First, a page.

To say that the rise of Tesla’s stock price (NASDAQ: TSLA) is parabolic would be an understatement. The stock has tripled since the same time last year and has more than quadrupled since it hit its lows back in May 2019.
This explosive increase in stock price has both retail and institutional investors scratching their heads and the word “bubble” is being tossed around more and more often everyday. We explore the fundamental merits of this rocket-ship stock run.
Bubbles: Bitcoin vs. Tesla
Investors can’t help but be reminded of the big Bitcoin bubble back in 2017. Looking at a Bitcoin price chart in 2017, we saw an increase of around 1300% in price and at its peak Bitcoin hit over a 1900% price increase in December 2017 compared to January 2017.
Bitcoin Price Change % (January 2017-December 2017)
Tesla Stock Price Change % (TTM)
Tesla on the other hand, has only increased by just over 180% since a year ago. But it is perhaps unfair to compare Tesla to Bitcoin, since Tesla is an actual company that makes products as opposed to cryptocurrencies that are not backed by anything. Tesla would have a natural ceiling in terms of how high the price could run up just due to the fact that the stock would at least somewhat be backed by the company’s capacity to produce cars versus with Bitcoin, which promised to completely disrupt the idea of currency as a whole.
Still, when Bitcoin prices peaked in December 2017, the following months were pretty brutal for anyone who got in at those prices. Usually when any asset, whether it’d be Bitcoin or Tesla stock, rises in a parabolic formation, the other side of that graph is a big cliff.
Should You Short Tesla?
With that being said, it may be tempting for some to think that it is a good time to short Tesla stock. It’s something that is relatively inexpensive to do right now given that the borrow on shorting Tesla is relatively low.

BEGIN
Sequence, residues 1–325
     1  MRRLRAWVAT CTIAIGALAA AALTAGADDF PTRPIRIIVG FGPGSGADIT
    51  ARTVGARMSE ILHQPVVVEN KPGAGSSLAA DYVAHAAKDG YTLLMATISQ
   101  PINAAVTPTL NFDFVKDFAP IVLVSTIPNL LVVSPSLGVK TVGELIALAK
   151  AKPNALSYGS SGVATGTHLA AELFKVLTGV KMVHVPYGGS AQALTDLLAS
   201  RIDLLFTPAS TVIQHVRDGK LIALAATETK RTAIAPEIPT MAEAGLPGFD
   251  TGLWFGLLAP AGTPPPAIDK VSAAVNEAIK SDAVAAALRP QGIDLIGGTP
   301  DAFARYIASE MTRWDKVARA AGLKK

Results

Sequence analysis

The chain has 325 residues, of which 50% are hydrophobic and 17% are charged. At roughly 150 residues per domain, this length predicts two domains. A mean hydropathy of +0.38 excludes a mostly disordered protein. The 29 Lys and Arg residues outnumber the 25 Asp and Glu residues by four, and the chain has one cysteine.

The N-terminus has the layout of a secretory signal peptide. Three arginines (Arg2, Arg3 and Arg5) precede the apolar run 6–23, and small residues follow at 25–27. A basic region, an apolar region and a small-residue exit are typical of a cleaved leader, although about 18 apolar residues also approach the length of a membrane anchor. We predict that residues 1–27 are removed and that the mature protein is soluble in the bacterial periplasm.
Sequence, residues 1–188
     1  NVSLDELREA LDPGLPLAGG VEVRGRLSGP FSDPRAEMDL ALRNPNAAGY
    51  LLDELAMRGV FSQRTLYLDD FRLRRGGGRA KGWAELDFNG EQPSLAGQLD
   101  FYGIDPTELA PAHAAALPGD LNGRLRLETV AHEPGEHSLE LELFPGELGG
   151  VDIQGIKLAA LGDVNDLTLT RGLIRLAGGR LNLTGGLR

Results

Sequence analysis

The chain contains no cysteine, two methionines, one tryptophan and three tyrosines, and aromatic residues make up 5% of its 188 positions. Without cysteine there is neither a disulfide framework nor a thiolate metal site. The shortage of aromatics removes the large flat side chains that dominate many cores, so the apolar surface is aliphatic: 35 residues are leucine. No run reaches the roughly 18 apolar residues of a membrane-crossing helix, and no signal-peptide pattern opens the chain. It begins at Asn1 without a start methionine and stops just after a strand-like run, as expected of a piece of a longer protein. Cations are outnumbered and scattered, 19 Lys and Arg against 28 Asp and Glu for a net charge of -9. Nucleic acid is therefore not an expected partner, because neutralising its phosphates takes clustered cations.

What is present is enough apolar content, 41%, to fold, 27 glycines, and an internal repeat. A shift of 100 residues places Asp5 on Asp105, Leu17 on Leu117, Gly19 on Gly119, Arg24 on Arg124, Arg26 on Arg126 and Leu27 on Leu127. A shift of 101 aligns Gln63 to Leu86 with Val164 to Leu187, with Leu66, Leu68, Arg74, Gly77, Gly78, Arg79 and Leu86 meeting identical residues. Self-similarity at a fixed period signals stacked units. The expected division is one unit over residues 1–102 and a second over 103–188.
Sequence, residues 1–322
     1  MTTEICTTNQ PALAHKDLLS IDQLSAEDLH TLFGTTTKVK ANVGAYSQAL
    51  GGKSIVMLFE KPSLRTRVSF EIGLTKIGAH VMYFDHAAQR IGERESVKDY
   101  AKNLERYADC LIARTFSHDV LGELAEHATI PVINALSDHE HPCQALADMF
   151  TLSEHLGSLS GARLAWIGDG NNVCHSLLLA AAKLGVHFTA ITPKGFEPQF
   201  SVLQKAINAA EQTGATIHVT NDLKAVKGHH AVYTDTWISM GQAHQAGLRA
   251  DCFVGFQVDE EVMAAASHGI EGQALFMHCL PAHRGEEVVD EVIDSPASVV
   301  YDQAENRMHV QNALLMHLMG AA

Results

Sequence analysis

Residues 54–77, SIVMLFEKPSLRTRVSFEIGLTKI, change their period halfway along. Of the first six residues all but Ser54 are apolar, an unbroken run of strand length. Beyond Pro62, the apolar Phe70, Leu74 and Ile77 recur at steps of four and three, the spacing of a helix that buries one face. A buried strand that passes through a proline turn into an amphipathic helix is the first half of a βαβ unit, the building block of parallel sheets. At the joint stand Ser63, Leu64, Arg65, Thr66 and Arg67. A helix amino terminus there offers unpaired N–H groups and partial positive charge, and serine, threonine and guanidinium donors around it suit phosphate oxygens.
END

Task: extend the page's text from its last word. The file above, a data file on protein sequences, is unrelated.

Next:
However, it must be said that shorting Tesla right now comes with extreme risk. That cheap borrow cost was available throughout the meteoric run in the stock, and all those that have shorted during that period have seen their capital completely decimated.
Trying to time and gauge when Tesla stock peaks is absolutely a mugs game, which makes shorting the stock nothing more than a casino wager. According to Yahoo! Finance, the short % of Tesla shares on Jan 15, 2020, even before the latest huge run up, was at 13.84% which is historically low for Tesla.
Clearly, most of those who were short Tesla even before the recent price increase have already admitted defeat. At this point, short squeeze is not even a major reason why the stock has run up so much. Most who have shorted Tesla have already covered (or have gone insolvent).
Should You Go Long On Tesla Then?
Conversely, going long on Tesla is a casino bet as well, it is one of the most expensive stocks in the entire market.
Tesla is now worth a market cap of over $160 billion. To put that into perspective, that is more than the market caps of Volkswagen, or Ford and GM combined. The forward P/E ratio on Tesla is around 65x, which puts it in a completely different league to other automakers, which typically trade at forward P/Es of around 10x.
What’s Behind This Huge Run-Up In Stock Price? Two Words: Retail Investors.
The recent explosion in Tesla stock price is certainly different than other stock price explosions we’ve seen in the past. The reason is that with Tesla, it has largely been driven by retail investors.
Furthermore, the buyers are comprised of a mixture of educated retail investors and people with massive FOMO (fear of missing out). At least initially, much of the early heavy buying has been done by people who have done a lot of research on Tesla, particularly people who watch and follow finance related websites online or tech related YouTube channels, on those which, Tesla has been a favourite pick among non-institutional investors for a long time.